Born in St. Louis, Bill Koeln served with the famed 30th Infantry Regiment of the storied 3rd Infantry Division during WWII.  The 19 year old BAR gunner assistant was captured by the Germans on December 17, 1944, when his outnumbered unit was overrun during fierce fighting in an area of Northern France which came to be known as “the Bloody Colmar Pocket” (it was in “the Bloody Colmar Pocket” that Lt. Audie Murphy earned his Congressional Medal of Honor).

Initially listed as MIA, and following an arduous forced march in extreme winter conditions and a punishing railroad box car ride, Bill eventually wound up in the infamous Stalag 7-A, Germany’s largest POW camp during WWII.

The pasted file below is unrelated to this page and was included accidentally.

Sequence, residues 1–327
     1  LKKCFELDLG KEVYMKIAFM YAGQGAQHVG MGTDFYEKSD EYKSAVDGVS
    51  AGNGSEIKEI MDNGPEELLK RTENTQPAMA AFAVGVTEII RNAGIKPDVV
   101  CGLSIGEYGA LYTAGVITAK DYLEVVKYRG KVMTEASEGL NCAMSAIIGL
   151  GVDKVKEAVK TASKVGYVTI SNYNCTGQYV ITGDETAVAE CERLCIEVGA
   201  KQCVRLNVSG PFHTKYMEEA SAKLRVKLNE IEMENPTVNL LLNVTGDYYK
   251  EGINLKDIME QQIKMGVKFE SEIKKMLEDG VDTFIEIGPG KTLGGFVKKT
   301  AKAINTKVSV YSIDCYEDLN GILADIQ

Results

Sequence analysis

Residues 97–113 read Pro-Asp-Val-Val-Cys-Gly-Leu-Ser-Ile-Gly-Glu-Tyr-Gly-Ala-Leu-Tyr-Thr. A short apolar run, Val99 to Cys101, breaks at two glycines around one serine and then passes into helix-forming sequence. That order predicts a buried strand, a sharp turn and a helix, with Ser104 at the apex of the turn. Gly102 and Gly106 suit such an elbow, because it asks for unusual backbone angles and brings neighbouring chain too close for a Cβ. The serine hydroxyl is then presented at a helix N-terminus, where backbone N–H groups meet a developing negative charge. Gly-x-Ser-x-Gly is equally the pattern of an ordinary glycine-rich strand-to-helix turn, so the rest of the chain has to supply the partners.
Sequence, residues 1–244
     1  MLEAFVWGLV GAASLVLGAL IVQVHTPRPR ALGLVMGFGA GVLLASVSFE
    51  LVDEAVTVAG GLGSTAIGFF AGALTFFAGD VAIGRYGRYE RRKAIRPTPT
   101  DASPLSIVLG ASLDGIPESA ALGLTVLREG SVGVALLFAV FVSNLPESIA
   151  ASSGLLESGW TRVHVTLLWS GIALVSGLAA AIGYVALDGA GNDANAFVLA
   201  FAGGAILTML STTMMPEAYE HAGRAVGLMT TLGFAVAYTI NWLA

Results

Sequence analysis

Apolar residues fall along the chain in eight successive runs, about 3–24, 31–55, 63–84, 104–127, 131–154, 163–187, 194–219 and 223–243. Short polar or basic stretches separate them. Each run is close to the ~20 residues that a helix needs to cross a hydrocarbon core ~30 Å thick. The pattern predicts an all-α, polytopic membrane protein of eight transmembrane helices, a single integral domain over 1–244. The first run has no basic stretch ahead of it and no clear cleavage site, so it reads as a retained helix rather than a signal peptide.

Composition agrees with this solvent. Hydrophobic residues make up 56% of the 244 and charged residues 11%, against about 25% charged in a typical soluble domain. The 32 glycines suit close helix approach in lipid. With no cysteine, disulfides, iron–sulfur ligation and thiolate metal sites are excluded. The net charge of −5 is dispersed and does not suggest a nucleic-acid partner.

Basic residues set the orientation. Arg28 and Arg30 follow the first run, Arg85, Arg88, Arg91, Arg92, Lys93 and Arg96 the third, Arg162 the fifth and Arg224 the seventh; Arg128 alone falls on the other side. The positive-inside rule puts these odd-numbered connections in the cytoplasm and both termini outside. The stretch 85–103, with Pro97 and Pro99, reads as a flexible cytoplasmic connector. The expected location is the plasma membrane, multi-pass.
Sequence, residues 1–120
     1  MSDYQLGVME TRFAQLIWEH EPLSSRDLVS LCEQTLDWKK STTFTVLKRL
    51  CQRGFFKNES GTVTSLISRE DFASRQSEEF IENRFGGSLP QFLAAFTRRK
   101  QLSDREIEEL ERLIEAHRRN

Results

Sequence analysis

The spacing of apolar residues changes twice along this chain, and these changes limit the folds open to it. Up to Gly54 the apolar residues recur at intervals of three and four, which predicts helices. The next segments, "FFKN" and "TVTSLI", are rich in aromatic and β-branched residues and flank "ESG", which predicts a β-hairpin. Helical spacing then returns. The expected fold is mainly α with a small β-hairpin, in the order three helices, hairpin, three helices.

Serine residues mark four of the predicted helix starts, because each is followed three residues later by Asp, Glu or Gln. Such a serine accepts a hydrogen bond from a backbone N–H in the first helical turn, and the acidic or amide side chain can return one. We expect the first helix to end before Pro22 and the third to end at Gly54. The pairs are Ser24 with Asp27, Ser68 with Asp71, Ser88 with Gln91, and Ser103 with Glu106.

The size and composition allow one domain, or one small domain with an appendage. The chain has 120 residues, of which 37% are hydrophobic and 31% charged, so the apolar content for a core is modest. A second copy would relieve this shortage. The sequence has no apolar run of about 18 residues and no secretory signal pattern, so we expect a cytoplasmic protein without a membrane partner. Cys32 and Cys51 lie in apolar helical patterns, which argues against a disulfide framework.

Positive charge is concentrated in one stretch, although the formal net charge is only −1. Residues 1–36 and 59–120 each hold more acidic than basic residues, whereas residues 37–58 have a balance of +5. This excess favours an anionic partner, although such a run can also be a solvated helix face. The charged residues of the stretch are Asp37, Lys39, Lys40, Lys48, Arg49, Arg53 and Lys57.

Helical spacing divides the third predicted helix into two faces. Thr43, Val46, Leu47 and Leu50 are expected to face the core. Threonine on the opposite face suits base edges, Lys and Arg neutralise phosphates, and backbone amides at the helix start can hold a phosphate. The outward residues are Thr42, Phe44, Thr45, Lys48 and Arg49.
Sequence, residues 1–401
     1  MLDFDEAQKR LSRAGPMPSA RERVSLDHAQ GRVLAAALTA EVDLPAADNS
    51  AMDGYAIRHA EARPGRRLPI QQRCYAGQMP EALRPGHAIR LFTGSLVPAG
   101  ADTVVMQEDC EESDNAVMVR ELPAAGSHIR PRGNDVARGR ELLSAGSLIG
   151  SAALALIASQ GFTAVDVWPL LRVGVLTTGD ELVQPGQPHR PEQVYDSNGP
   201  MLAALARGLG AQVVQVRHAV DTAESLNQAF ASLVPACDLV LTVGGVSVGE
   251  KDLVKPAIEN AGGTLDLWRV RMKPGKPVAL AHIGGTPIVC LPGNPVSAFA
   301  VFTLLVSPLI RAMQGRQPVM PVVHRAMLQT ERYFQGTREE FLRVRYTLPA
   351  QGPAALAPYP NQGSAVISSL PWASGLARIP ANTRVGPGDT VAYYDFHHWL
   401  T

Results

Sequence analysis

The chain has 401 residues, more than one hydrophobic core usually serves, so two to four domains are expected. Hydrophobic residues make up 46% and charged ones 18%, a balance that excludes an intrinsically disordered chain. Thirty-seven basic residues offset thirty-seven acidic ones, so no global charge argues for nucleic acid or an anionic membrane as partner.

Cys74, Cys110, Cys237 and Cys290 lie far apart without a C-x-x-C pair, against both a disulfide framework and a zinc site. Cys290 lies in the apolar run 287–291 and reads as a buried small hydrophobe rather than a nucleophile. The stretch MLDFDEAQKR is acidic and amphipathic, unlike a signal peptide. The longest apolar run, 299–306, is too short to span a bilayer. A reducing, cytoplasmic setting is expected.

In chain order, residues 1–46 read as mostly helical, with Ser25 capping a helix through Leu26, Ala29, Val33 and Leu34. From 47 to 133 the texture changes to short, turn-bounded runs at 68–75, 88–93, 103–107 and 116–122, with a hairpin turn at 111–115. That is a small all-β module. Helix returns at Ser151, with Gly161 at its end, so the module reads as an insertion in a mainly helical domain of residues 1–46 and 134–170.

Subsisting on black bread partially made from sawdust, watered down barley soup, and a potato from time to time, he was made to do forced labor repairing railroads.

After a running battle with remnants of a German SS unit, Stalag 7-A and Bill Koeln, were finally liberated on April 29, 1945.

In 2011 the Amvets Department of Missouri awarded a scholarship in Bill Koeln’s name to Lafayette High School graduate and ROTC Cadet, Dylan Ashdown.

Among Bill’s other awards are the Combat Infantryman’s Badge, the Bronze Star, and the Prisoner of War Medal.

Scroll through slides to learn Bill’s full story!

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